In reality, none of it was my fault. As an adult in recovery, I intellectually understand that now. But my unconscious parts are still working that out. My unconscious parts are still trying to make sense of the illogical.

I have struggled with self-worth my entire life. While I don’t see myself as capable of doing good things, I do see myself as powerful at manifesting the bad. More than likely, this comes from my understanding of the abusive adults in my childhood. I felt the same way about them. And I internalized that.

Grieving the Loss of Time

Monday, August 25th, 2014

Grieving TimeSometimes starting a new life can bring up grief and regret for the old life. While I am happy to have new experiences without the pain and anxiety of the past, it makes me wish there had been more of it.

Time is such a tricky aspect of the human experience. We can’t control it. We can’t make more of it. We can’t get back what we think we have wasted. As the song says, it is like an hourglass glued to the table.

And while we can figure out how to control so many aspects of our lives (which is not always a good thing), we can’t control time. It will keep on going, with or without us.

3 Ways to Reclaim Your Work Life

Wednesday, July 23rd, 2014

3 Ways to Reclaim Your Work LifeIf you’re stressed, depressed and dreading Mondays, you’re probably working in a toxic interpersonal environment that has started to take its toll on your physical and mental health.

In my recent research on workplace bullying, I have discovered a baffling phenomenon: Targets often don’t realize they are being bullied for months or years. I believe that the reason it takes so long is because no one likes to admit they’re a victim.

The mere thought of being a victim is so stigmatizing that most people would rather give the bully the benefit of the doubt and continue tolerating the abuse. Yet it’s so damaging to a person’s well-being that I want to declare my central message: Catch it early and think strategically. It exponentially increases the possibility of obtaining a better outcome.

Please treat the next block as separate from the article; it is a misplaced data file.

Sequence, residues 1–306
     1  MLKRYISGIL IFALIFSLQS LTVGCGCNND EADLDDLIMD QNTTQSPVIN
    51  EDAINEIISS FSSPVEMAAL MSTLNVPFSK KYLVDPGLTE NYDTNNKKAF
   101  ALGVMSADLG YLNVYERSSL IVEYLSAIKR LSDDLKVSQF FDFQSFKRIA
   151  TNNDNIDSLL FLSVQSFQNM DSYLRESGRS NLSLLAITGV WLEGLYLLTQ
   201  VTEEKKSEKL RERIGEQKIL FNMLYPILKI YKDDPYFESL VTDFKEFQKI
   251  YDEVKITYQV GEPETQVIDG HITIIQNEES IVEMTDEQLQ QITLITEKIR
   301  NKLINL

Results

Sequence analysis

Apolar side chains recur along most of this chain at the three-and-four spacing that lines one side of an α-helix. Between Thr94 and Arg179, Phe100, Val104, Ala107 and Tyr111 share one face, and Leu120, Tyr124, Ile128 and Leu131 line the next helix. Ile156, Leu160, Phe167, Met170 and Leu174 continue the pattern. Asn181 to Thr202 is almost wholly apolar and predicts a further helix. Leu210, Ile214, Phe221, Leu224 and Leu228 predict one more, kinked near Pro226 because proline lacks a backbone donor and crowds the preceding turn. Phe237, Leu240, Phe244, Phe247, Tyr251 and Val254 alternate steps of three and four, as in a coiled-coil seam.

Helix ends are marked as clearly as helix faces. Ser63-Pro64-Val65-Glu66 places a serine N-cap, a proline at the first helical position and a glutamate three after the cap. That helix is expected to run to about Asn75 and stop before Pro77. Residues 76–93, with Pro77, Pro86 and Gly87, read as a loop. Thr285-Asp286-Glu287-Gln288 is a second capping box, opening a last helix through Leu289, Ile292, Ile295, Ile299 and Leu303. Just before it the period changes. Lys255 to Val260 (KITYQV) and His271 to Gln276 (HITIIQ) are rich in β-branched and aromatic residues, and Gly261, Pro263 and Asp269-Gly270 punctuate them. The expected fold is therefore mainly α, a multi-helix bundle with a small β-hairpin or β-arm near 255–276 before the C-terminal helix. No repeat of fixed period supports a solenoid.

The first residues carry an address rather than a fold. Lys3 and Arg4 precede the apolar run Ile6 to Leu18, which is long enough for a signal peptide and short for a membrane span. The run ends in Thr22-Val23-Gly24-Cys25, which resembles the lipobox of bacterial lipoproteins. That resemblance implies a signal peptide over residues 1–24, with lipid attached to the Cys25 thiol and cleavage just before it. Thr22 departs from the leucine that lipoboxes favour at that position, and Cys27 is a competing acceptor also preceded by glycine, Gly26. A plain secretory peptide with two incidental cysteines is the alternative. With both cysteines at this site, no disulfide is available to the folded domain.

Lowering the Volume in a World of Living Out Loud

Sunday, July 6th, 2014

Lowering the Volume in a World of Living Out LoudLife in the age of living out loud presents some unique challenges. You may have heard the well-known saying about jazz music that there is great importance in the notes that are not played, that the notes that are not played are as important as the ones that are. American jazz musician Miles Davis is often cited as the creator of the phrase, but it is sometimes attributed to other musicians as well.

The concept of the importance of space and silence is relevant in many artistic mediums, and is also applicable to human communication and interaction.

Constructive communication is best approached with a spirit of editing, of identifying what will not be said. I sometimes tell clients to think about their communication and interaction with others as a book that is being written. All books could benefit from editing and refining rough drafts. The editing of the self in the realm of communication may serve to not only avoid escalation and conflict; it may provide a chance to practice mindfulness and self-discipline in a way that benefits the self and others.

Mass Shooters = Mental Illness?

Sunday, June 29th, 2014

Mass Shooters = Mental Illness?In the wake of yet another mass school shooting, we mourn. We are angry. Why is this happening in our country? What is going on? And yet, as I flip on my television — what do I see? It’s certainly not anything about gun control or raising children properly, but alas, mental illness.

No one is disputing that our mental health system is a wreck. I know from firsthand experience that it is a travesty. I must admit, however, that the media’s portrayal of these shooters is uncomfortable and offensive.

Adverse Childhood Experiences Affect Adult Behaviors

Saturday, June 28th, 2014

Adverse Childhood Experiences Affect Adult BehaviorsAdverse childhood experiences negatively affect adult life, says a recent study by the Centers for Disease Control (CDC). One in four young adults were severely maltreated during childhood and approximately half of adults in England have suffered an adverse experience during their childhood.

Roughly one in ten adults have experienced four or more adverse childhood experiences. There are many forms of childhood adversity, ranging from physical abuse to emotional neglect.